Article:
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April - 2016 - issue > In My Opinion

Faculty Development: An imperative

Dr. Ahindra Chakrabarti
Professor - Finance & Accounting-Great Lakes Institute of Management
Monday, April 18, 2016
Dr. Ahindra Chakrabarti
Business Schools transform personalities, ingrains competency in them from can do a job to getting the job done. This transformation takes place with the support of enduring theoretical knowledge delivered by faculty which shapes the mind of students: knowledge and skill level increases. Hereby, faculty system and their contribution in developing future managers are very important for students, institutions and the country. In India, faculty development programs are quite standardized. Conventionally, in business schools, teachers or industry experts with little, formal professional training for teaching other than high degrees in various disciplines, join and are also accepted by the system. The presumption here is, imparting knowledge is important and students have to be informed in the class.

Many of the management teachers' lack of professional training as educators, was perhaps understandable as long as relatively little was known about how learning occurs, how students are developed, and what the effects of the business school's teaching experience are on the student's development. Lack of training was perhaps irrelevant as long as most of the students were coming from similar background and the job market had hey days. Traditionally, it was believed that writing more of articles and publishing in the newspaper; producing research papers, attending seminars and conferences were enough for faculty to equip themselves for teaching and imparting knowledge in the class.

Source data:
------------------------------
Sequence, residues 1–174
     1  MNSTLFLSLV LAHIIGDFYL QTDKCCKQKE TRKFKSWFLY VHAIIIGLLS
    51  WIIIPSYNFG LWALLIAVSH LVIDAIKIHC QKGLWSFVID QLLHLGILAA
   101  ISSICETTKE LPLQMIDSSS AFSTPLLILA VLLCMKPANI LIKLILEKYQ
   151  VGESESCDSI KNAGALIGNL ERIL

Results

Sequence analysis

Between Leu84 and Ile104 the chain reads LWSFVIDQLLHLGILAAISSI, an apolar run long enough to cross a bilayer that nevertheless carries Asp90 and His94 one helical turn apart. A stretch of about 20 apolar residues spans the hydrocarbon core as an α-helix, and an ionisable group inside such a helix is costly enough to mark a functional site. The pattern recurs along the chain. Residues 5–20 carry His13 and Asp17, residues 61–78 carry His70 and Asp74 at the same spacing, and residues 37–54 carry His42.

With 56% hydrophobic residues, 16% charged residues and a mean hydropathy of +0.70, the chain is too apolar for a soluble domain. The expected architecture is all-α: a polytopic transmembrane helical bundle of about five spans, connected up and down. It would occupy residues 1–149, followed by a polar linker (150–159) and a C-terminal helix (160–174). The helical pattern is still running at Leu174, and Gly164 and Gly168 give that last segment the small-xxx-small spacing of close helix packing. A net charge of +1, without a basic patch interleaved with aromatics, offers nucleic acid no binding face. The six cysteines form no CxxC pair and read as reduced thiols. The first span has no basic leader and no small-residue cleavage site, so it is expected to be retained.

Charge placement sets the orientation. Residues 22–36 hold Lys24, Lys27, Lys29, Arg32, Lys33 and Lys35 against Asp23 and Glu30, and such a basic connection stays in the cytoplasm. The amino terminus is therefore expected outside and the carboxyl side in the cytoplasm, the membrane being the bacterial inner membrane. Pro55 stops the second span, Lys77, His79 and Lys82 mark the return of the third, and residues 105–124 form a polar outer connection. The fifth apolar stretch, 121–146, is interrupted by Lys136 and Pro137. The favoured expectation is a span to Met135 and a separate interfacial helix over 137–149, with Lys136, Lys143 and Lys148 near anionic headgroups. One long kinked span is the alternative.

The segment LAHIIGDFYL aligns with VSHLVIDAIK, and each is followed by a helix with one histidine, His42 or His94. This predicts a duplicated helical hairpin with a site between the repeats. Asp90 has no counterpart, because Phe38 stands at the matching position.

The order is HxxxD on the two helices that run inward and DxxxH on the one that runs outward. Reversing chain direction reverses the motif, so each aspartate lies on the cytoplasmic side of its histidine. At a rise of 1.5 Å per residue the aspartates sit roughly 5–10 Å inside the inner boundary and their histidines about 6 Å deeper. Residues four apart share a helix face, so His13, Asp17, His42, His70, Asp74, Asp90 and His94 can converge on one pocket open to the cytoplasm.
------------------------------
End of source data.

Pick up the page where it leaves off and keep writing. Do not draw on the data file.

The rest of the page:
However, the scenario has changed. Today, the new generation of learners, the combination of new Web, the demands of global knowledge economy and the financial crisis has created a storm for the business schools, globally. It has created difficulty for many business schools to find suitable employments for their students. Perspectives of business education have undergone change; different categories of business schools have emerged, one thing being common among them, possibly regulatory approval, which focuses more on building and floor size and number of faculty than teaching capability and competence; research or consulting assignments. Students' expectations from business school have also undergone sea changes; industry requirements and expectations have also become different. To meet the increasing expectations of various stakeholders some business schools vigorously support faculty development as one of the objectives of the institution, some do not. Faculty development is a necessary corollary for survival in medium and long term for business schools or else they will perish, in the new environment.

Traditionally, we used to follow, lecture system in which 70 to 90 percent or more of course content was delivered in the class. Classrooms lecture was the preferred instructional method for professors. Academic advising, if it were occurring at all, was largely focused on helping students make short-term decisions as they choose from menus of course titles. Over the period of few decades we have realized that these educational practices cannot produce the complex kinds of student outcomes, required today by employers. The shift from a tradition-based, theoretical educational process to an analytical competency building process will require constant innovation to news style of delivery in the class room by the faculty members.